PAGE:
A detailed feature by Elizabeth Grossman on the website civileats.com offers the best perspective we’ve seen on the “study vs. study” controversy over glyphosate residues in mothers’ breast milk.
You’ve probably seen the report last week from Washington State University assistant professor Michelle McGuire stating that no detectable glyphosate was found in 41 samples of women’s breast milk. Thus, last spring’s pilot study by Moms Across America “flat out got it wrong” when Microbe Inotech Labs of St. Louis detected glyphosate in those samples.
What we’re suggesting is that Ms. Grossman’s coverage of this controversy offers a thoughtful explanation of the issue, and of the interests of the proponents who supported the studies.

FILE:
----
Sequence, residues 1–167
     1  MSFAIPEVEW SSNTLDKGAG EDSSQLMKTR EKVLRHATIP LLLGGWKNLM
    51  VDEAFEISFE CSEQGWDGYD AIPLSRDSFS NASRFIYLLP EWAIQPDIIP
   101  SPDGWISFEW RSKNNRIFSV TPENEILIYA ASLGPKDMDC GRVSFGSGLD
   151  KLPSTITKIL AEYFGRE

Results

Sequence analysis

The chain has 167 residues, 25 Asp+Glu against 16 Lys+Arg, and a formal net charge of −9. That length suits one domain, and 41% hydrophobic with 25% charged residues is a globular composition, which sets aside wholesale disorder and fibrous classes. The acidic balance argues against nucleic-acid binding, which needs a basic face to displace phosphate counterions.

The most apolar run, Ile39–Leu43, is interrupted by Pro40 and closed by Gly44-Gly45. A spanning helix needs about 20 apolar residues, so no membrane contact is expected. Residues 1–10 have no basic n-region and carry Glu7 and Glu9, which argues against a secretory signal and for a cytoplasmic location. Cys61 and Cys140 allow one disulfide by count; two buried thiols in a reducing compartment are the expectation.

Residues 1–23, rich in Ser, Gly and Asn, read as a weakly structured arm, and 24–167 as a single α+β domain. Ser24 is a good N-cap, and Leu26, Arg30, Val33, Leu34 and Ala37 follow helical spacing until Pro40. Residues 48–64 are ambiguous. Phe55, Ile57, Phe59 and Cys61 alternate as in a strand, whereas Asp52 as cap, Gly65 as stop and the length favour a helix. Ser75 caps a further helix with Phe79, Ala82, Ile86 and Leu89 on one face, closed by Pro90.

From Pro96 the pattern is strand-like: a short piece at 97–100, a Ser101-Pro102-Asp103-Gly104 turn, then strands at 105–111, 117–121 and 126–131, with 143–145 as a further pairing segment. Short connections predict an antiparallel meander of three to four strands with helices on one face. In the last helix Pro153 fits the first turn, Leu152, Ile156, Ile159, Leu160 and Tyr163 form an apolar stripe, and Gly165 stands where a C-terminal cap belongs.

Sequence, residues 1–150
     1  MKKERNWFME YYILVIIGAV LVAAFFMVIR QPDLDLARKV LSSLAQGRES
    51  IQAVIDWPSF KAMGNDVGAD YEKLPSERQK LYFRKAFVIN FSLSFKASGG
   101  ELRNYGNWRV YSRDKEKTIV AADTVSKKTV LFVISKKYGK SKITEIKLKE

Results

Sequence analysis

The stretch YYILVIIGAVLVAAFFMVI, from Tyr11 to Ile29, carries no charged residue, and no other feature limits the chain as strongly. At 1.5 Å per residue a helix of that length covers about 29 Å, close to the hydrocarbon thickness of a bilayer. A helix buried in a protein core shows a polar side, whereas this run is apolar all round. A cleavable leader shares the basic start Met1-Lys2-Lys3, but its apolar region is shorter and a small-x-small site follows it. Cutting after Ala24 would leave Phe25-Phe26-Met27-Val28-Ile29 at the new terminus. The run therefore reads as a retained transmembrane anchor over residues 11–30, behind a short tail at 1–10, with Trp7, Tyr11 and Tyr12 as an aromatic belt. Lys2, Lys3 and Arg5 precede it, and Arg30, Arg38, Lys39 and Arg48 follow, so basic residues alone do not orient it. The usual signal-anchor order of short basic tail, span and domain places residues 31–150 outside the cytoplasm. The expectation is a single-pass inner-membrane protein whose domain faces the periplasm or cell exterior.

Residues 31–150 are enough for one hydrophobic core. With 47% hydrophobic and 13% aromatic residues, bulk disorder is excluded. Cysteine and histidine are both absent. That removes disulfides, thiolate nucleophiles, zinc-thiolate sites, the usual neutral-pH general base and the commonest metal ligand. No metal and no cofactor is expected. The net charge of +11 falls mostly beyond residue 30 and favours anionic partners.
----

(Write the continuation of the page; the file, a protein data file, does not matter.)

And the bottom line is that very little is known about levels of glyphosate in either foods or the people who consume our food supply. The presumption has been that it doesn’t matter; nothing to see here, folks, move along.
In the months ahead, you can expect to see several studies on glyphosate residues in humans, as this concern rises. The presumption that glyphosate does not “bioaccumulate” will, finally, accumulate evidence from a wide array of people who now understand that they’re the experimental subjects with a compound that’s designated by the World Health Organization as a “probable human carcinogen.”